Hara Y. Influence of tea catechins on the digestive tract. J Cel Biochem 1997; Suppl 27: 52-58
Hibasami H et al. Induction of apoptosis in human stomach cancer cells by green tea catechins. Oncol Repetition 1998; 5:527-29
Hirose M et al. Inhibition of mammary gland carcinogenesis by green tea catechins and other naturally occurring antioxidants in female Sprague-Dawley rats pretreated with MDBA. Cancer Lett 1994; 83:149-56
Hong J, et al. Effects of purified green and black tea polyphenols on cyclooxygenase- and lipoxygenase-dependent metabolism of arachidonic acid in human colon mucosa and colon tumor tissues. Biochem Pharmacol 2001;62:1175-83
Hoshiyama Y, et al. A prospective study of stomach cancer death in relation to green tea consumption in Japan. Br J Cancer 2002;87:309-13
Huang MT, et al. Effects of tea, decaffeinated tea, and caffeine on UVB light-induced complete carcinogenesis in SKH-1 mice: demonstration of caffeine as a biologically important constituent of tea. Cancer Res 1997;57:2623-9
Hsu SD, et al. Chemoprevention of oral cancer by green tea. Gen Dent 2002;50:140-6
Inoue M, Tajima K, et al. Tea and coffee consumption and the risk of digestive tract cancers: data from a comparative case-referent study in Japan. Cancer Causes Control 1998;9:209-16
Ito Y et al. Chromosome aberrations induced by aflatoxin B1 in rat bone marrow cells in vivo and their suppression by green tea. Mutat Res 1989; 222:253-61
Jian L, Xie LP, Lee AH, Binns, CW Protective Effect Of Green Tea Against Prostate Cancer: A Case Control Study In Southeast China Int J Cancer:108. 130-135 (2004)
Katiyar SK, Mukhtar H. Tea antioxidants in cancer chemoprevention. J Cell Biochem Suppl 1997; 27:59-67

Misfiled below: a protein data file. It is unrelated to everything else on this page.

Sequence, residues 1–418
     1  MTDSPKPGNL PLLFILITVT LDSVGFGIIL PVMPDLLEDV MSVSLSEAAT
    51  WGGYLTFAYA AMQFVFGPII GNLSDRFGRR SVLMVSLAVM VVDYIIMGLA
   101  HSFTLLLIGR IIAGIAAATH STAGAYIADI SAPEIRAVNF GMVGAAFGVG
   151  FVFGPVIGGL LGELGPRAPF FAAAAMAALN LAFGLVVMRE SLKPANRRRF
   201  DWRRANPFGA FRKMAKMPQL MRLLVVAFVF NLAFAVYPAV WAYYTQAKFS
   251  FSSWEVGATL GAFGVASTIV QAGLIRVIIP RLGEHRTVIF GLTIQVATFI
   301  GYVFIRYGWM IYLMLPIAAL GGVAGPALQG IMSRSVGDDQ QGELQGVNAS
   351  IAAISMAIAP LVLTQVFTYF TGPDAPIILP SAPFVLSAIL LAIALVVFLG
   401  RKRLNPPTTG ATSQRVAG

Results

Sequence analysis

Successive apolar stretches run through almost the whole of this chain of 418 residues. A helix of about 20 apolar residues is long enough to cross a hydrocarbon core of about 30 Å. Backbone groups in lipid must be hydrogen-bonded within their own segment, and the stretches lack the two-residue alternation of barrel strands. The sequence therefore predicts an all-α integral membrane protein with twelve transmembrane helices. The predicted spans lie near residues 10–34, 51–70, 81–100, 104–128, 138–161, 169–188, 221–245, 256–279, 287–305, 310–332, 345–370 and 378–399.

Katiyar SK et al. Polyphenolic antioxidant epigallocatechin gallate from green tea reduces UVB-induced inflammatory responses and infiltration of leukocytes in human skin. Photochem Photobiol 1999; 69:148-53
Khafif A; Schantz SP, et al. Quantitation of chemopreventive synergism between epigallocatechin gallate and curcumin in normal, premalignant, and malignant oral epithelial cells. Carcinogenesis 1998;19:419-24
Kinjo J, et al. Activity-guided fractionation of green tea extract with antiproliferative activity against human stomach cancer cells. Biol Pharm Bull 2002;25:1238-40
Komori A, Yasunami J, et al. Anticarcinogenic activity of green tea polyphenols. Jpn J Clin Oncol 1993; 23:186-90
Kuroda Y, Hara Y. Antimutagenic and anticarcinogenic activity of tea polyphenols. Mutat Res 1999; 436:69-97
Larsson, Susanna, Wolk Alicja, Karolinksa Institute. A relationship between the amounts of tea a middle-age woman drinks and her risk for ovarian cancer. Archives of Internal Medicine. Dec. 12 issue.
Lean ME et al. Dietary flavonols protect diabetic human lymphocytes against oxidative damage to DNA. Diabetes 1999; 48:176-81
Lee IP et al. Chemopreventive effects of green tea against cigarette smoke-induced mutations in humans. J Cell Biochem 1997; Suppl 27:68-75
Lee YK, et al. VEGF Receptor Phosphorylation Status and Apoptosis is Modulated by a Green Tea Component, Epigallocatechin-3-gallate (EGCG) in B cell Chronic Lymphocytic Leukemia. Blood 2004;104(3):788-94